Rennet Stowe on Flickr
I had always wanted to drive a Honda CR-Z. Despite mediocre reviews from most purveyors of automotive opinions, I couldn’t help but think of the CR-Z as a small McLaren P1. Firmly optimistic, I headed to the local Honda dealership for a test drive.
As soon as you sit in the car, you can feel that Honda wanted it to be sporty. In the fully loaded EX-L model I drove, red flecked bucket seats embrace you. Standing at attention was the shifter for its 6 speed. The instrument cluster feels like it’s set deep in the dash but at least it’s arranged nicely with a digital speedo inside an old school tach. Overall, the cabin has a nice feel to it. Though not leather and suede, it manages to feel premium enough considering the steep price (MSRP $24,440 for the EX-L manual and a bit more with a CVT) you’re paying for a tiny car. Speaking of tiny, the designers at Honda very sensibly neglected to include a rear seat. Had they, it would have been annoyingly vestigial and simply cut into the cargo space (which isn’t bad actually, considering the size of the whole package). My biggest gripe, though, would be the visibility. Look at a picture of a CR-Z. Visibility looks terrible, right? I promise you it’s at least 73% worse than it looks. Even the rear view mirror is impaired by the odd rear spoiler.
photo courtesy of Honda
Press the push button start and you’re greeted by so little that it may as well be silence. I learned a lot on my two laps around the test drive loop. After the first lap, the dealer rep got out of the car and let my friend Joe hop in for a ride. So we got to explore the upper ranges of the tach. A bit. My is it a growly little thing. I never would have guessed a 1.5L motor could sound so mean and so good. The 1.5L works with a 20 hp electric IMA motor sandwiched between the engine and the transmission. Cleverly, the motor works as the starter, provides energy regeneration under braking, and boosts acceleration as necessary. It IS a small McLaren! Well it makes a bit less power I guess. How much less? The Honda makes 130hp and 140lb-ft. Eh. Weighing 2750 lbs despite its tiny size also doesn’t help the performance. Well it’s a hybrid so I expect it has good mileage then? Well um 39 on the highway? And 31 mpg in the city? Not stellar. The old IMA hybrid technology drops the ball in that regard.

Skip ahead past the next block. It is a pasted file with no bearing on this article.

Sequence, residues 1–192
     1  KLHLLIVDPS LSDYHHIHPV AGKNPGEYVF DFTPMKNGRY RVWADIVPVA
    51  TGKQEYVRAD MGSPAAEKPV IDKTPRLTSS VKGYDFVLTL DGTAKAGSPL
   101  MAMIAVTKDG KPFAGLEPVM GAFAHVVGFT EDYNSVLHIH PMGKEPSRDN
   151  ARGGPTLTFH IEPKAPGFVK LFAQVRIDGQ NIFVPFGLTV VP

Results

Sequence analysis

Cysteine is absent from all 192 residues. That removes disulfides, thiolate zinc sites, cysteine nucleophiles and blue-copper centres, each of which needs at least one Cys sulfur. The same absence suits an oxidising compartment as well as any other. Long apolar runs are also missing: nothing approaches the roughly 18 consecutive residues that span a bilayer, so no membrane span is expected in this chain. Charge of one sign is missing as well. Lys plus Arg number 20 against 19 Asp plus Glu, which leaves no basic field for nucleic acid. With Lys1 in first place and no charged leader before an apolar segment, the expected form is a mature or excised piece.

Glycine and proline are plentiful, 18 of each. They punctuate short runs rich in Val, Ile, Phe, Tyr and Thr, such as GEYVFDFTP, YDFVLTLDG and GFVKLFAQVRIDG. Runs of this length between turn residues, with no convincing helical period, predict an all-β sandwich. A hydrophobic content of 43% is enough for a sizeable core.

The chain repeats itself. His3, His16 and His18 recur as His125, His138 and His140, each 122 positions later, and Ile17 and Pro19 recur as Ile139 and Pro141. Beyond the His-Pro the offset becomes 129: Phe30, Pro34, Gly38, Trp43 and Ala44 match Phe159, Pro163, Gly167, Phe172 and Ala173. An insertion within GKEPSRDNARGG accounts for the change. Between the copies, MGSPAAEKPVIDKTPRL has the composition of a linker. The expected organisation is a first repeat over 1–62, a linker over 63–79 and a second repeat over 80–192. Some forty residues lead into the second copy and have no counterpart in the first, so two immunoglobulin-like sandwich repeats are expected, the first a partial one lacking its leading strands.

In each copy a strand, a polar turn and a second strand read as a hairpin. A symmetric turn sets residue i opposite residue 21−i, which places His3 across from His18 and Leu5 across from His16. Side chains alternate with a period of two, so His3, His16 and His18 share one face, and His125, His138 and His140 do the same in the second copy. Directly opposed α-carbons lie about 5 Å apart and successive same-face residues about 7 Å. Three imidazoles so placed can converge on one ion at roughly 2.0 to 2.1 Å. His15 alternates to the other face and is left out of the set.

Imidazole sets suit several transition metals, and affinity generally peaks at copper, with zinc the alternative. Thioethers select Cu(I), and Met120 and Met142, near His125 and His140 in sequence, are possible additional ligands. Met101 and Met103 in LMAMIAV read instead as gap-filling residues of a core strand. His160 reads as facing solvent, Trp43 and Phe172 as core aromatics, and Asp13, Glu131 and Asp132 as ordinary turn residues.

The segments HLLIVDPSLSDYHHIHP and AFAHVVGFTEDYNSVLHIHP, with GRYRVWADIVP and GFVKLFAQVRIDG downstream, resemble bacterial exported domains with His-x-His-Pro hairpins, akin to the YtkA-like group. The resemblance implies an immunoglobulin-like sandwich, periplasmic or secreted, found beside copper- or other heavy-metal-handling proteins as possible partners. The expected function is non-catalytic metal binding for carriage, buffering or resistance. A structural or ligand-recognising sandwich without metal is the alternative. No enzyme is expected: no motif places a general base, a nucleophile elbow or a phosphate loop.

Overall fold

So it’s not a very good hybrid and not a great sports car. But that doesn’t tell the whole story. Yes, 0-60 in 10.1 seconds isn’t great but there’s more to driving to that. The 6 speed snicks nicely into gear, the steering is communicative and weights up nicely when Sport Mode is engaged, press the gas and the little motor revs up quickly. The car tells you if you’re charging or using your batteries, it tells you you’re instantaneous mileage. It’s all exciting. And it is slow to 60. But in town, you’re usually going much slower than that. It feels quick accelerating to 45. The CR-Z is an experience and on the whole it’s a fun one. Rumor has it a revamped version might arrive in a couple years. I certainly hope so. I’d drive that.
Rating: 7/10 Would daily drive
I may have exaggerated the likelihood that I would soon buy a CR-Z just a little bit but after I drove it, I thought it would be really fun to write up a little review. I tried to mix a small part Top Gear humor with equal parts Car and Driver and Jalopnik. I’d love some feedback, thank’s for reading!